As the Stellar website puts it, “They act as a bridge between different currencies and the Stellar network. All money transactions in the Stellar network (except the native digital currency of lumens) occur in the form of a credit issued by anchors.”

Stellar’s mechanism is heavily dependent on Anchors and one needs to completely and totally trust the anchors to do their job for you which are:

  • To hold your deposit.
  • Issue credit for you.

The “Anchors” are not really a new concept. Paypal is a very well known example of an anchor. Let’s take a look at how Paypal works.

Ultimate Guide to Stellar Blockchain

Image Credit: Ebay

If we break down all the steps, it will look like this. Suppose Alice and Bob are transacting through PayPal:

  • Alice sends some money to her PayPal account.
  • Her PayPal balance gets updated (credits).
  • Alice decides to send some money to Bob, and sends him the money from her PayPal balance.
  • Bob’s PayPal balance gets updated. Bob can then withdraw the balance into his bank account.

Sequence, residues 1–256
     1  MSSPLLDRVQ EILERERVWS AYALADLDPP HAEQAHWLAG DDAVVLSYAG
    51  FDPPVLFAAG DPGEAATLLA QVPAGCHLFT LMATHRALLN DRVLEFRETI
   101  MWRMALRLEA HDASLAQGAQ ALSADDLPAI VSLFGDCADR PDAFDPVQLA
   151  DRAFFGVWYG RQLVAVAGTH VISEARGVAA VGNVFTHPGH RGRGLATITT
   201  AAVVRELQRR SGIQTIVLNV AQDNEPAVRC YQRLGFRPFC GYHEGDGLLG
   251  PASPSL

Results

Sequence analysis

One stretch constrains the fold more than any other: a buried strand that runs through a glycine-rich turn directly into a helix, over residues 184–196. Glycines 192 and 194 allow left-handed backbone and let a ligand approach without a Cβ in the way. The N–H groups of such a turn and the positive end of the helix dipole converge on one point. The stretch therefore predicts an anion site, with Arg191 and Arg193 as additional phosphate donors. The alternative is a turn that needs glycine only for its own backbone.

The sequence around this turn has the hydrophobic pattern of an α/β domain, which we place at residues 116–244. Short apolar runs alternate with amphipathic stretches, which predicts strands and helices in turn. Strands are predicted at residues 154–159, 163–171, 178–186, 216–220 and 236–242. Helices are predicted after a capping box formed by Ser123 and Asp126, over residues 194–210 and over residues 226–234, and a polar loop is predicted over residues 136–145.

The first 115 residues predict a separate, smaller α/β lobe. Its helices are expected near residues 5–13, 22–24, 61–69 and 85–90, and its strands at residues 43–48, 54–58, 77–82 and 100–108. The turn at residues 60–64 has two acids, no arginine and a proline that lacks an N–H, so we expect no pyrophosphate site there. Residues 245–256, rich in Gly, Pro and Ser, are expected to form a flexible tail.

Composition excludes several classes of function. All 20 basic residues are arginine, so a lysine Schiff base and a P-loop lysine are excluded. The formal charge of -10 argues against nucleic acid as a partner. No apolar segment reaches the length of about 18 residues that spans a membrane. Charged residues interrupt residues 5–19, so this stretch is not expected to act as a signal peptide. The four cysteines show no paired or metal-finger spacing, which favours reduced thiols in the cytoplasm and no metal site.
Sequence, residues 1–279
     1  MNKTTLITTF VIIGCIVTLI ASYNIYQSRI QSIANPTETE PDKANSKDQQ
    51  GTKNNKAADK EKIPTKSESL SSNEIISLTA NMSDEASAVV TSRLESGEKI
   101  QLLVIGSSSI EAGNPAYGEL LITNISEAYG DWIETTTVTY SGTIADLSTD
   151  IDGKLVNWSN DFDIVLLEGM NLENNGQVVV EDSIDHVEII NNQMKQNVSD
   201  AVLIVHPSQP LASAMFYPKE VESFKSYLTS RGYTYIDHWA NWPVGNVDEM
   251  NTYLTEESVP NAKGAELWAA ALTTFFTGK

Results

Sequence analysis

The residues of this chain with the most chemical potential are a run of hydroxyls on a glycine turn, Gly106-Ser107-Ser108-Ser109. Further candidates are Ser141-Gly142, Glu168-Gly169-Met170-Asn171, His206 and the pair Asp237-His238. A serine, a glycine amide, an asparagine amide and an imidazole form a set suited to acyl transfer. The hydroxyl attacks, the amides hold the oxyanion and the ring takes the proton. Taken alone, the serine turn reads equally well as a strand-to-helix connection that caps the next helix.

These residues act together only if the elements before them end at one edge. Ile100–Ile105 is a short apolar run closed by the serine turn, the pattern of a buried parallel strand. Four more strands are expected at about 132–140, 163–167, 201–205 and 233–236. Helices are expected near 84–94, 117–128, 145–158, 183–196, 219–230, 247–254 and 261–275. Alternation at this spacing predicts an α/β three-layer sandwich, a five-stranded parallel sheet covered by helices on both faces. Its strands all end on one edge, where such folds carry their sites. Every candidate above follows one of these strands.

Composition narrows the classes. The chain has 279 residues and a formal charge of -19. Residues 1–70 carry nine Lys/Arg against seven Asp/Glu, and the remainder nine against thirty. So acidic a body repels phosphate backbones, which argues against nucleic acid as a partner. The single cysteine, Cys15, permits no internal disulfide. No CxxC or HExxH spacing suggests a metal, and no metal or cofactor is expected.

This is pretty much how the Anchors work in Stellar as well…however, there is one major difference.

All the anchors share the same network aka the Stellar network. Because of this one difference, the system is faster and more powerful.

#5 Distributed Exchanges

Another important component of the Stellar system is the exchanges. In order to understand this, we need to know what “offers” are. Offers are “public commitments to exchange one type of credit for another at a pre-determined rate.” The Stellar ledger becomes a sort of marketplace which helps us buy and sell different currencies.

Ultimate Guide to Stellar Blockchain